In 1969, on the property of harness-racing horse breeder, Colin Pike, a colt named Paleface Adios was born. The horse became the Pharlap of harness racing over an eight year career that ended in 1980. Temora has a memorial to “The Temora Tornado, Paleface Adios.” In 1981 the councils of Temora (town) and the surrounding Narraburra shire were united to from the Temora shire of 3,752 sq. km. The district’s gold mining past was revived when the Paragon open-cut gold mine was begun in 1987, about 12 km. north of Temora at Gidginbung. Temora has seven hotels and one hotel/motel. In 1994 the Temora shire had 120,494 ha. under pasture, 34,683 ha. growing wheat and 574,000 sheep and lambs.

Temora’s census populations have been 2,784 (1911), 3,823 (1931), 4,446 (1971) and 6,200 (1991 – enlarged shire). The town’s 1991 population was 4,279.

Further Reading:

  • Goffin, Graham, Paleface Adios, The Living Legend, Harness Racing Publications, 1982.
  • Temora Yesterday and Today 1880-1980, Temora Historical Society Inc., 1992.


Leeton is a town and a shire in the Murrumbidgee Irrigation Area. It is 12 km. north of the Murrumbidgee River, 100 km. north-west of Wagga Wagga and 430 km. west of Sydney.

The town is relatively recent. In the early 1900s Hugh McKinney, an engineer with experience of irrigation works in the Indian Punjab, noted the similarity of the Riverina – Murrumbidgee plains to the Indian topography. In association with local pastoralists McKinney’s observation developed into an irrigation plan beginning with the Burrinjuck Dam (1906), on the Murrumbidgee River, south-west of Leeton.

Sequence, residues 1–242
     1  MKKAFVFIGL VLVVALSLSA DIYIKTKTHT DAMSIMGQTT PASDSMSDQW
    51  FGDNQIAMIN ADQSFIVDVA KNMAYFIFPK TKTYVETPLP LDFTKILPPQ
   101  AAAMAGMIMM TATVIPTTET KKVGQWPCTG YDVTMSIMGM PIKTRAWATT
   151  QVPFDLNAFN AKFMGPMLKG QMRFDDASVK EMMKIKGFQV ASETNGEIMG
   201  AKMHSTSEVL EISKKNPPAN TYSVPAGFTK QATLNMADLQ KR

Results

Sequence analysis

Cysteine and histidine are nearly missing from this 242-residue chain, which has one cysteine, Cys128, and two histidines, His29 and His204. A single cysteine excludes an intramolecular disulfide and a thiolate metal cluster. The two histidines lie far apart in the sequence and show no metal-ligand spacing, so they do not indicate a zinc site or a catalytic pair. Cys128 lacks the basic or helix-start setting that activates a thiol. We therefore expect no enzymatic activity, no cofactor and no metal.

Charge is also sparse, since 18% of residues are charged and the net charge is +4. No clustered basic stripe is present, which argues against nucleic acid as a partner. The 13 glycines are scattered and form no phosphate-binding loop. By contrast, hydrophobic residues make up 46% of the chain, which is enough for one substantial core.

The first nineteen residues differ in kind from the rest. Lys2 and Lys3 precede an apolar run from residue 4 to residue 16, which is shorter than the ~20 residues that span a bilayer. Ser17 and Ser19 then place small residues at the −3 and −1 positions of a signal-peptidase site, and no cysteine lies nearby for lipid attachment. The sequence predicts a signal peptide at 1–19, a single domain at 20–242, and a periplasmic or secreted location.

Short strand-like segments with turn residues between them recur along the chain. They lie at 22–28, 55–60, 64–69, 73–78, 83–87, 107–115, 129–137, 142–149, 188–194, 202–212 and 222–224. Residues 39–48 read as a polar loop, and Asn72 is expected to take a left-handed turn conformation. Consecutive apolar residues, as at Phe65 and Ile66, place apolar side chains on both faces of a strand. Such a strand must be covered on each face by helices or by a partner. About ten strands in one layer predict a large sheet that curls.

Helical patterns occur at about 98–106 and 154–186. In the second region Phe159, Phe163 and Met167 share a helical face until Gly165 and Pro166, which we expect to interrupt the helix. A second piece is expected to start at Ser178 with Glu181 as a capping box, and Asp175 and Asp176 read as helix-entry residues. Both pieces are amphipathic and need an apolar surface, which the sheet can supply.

The scheme was greatly assisted by Sir Samuel McCaughy, local pastoralist and member of the New South Wales Legislative Council, who had carried out irrigation works. He was the owner of North Yanco, the site of the future Leeton.

The Murrimbidgee Irrigation Areas Trust erected buildings at North Yanco in 1911. In 1912 the place was named Leeton after Charles Lee, Minister for public Works and a member of the Trust. The following year the Water Conservation and Irrigation Commission (successor to the Trust) added further buildings, including a School of Arts, as more workmen were engaged forirrigation works. It also commissioned Walter Burley Griffin to design thetown. Over 140 town allotments were sold on 2 April, 1913. Schools and churches were established from 1913 onwards, a hospital was completed in 1919, anda railway connection to the Narrandera line made in 1922. The commission established and operated numerous secondary undertakings including a stock sale yards, abattoirs, butter and bacon factories, a power house and canneries. Leeton was also noted for Co-operatives, including dairy farmers (1921),fruit growers (1932), cannery (1935), stock treatment (1937), poultry farmers(1943) and rice growers (1950).